Here is a part of another post from January, 2013, about thirty months after I started working on Murder in A Small Town. It seems as pertinent today as it did then, if not more so.

“Recently, I was rereading an Ann Rule book of true crime cases (A Rage to Kill) and ran across the phrase, “Closed-Exceptional,” in her foreword. It is a phrase I did not recall but she says it designates a case in which the guilty person is known by detectives but, due to lack of physical evidence, has never been arrested. Obviously, with her outstanding record of excellent writing about true crime, Ann Rule would be aware of such terminology. I have been told (and I’ve mentioned it in other blogs) that the police know who killed Stacey Burns. Why bring this up? Here are just a few reasons.

1. If Stacey Burns murder is in a category such as Closed-Exceptional or whatever else it may be called, then it has been solved but the killer will continue to walk around free. For how long?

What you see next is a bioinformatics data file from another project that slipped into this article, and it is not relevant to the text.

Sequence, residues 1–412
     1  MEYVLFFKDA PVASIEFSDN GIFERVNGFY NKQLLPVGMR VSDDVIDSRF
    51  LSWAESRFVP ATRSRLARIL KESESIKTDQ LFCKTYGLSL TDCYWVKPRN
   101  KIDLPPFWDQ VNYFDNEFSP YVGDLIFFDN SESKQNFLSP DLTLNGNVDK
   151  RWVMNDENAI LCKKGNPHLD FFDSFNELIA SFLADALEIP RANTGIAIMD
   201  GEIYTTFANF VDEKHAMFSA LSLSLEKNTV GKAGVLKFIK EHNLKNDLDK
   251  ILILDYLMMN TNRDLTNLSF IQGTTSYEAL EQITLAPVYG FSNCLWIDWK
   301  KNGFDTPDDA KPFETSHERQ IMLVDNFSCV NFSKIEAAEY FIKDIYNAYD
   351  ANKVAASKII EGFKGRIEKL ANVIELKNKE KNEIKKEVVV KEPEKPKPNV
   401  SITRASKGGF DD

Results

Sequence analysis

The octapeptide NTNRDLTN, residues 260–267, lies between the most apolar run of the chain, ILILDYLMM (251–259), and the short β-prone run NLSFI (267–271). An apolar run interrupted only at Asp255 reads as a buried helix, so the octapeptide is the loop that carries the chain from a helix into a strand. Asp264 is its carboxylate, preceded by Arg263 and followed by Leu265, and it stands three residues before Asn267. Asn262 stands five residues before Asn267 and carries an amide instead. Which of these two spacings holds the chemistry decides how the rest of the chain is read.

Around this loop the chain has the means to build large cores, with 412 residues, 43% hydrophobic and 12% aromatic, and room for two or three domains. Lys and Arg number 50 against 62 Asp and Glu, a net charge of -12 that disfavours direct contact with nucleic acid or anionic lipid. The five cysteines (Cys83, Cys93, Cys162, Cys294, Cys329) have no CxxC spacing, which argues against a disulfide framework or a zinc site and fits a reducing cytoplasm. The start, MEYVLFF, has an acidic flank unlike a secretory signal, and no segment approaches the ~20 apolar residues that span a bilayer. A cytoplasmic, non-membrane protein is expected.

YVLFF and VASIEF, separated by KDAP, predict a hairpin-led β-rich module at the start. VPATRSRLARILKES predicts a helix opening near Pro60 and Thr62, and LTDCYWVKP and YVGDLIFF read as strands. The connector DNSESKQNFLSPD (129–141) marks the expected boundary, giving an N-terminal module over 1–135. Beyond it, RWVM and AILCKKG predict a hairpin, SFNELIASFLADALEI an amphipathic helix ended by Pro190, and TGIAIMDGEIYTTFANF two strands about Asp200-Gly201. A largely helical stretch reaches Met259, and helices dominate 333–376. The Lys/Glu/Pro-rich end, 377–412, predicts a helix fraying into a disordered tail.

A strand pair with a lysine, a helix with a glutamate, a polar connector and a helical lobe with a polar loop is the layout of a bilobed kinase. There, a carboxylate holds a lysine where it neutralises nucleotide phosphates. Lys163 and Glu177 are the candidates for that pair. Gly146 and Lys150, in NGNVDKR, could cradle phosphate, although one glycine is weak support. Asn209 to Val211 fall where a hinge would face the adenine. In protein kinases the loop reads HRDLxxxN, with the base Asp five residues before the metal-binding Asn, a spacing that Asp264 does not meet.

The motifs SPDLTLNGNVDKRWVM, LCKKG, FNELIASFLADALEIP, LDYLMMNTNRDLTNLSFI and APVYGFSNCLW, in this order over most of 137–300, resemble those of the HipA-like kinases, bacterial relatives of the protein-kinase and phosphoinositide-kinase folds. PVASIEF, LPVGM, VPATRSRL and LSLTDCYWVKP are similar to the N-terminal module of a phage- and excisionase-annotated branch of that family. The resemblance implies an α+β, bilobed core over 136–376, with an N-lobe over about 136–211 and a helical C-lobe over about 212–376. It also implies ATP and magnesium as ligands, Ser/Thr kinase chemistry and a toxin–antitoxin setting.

2. If the killer continues to walk around free, then assurances from the police that the public is not in danger are ludicrous. Any person, male or female, who could take another’s life in a manner such as happened to Stacey Burns has to be extremely unstable. Don’t tell us this is a one time event! What if the circumstances that set this homicidal sociopath off are duplicated in his or her life? Murder was a solution once; why not again? No matter what a profiler might say, it is illogical and probably even dangerous to assume that Stacey Burns’ killer is not a potential threat to others.

3. If this case is indeed “solved” but not coming to a conclusion, would the public be better served to know which of the potential persons of interest (suspects) are actually free from suspicion?”

So, here we are, five and half years later. Does this old post still apply?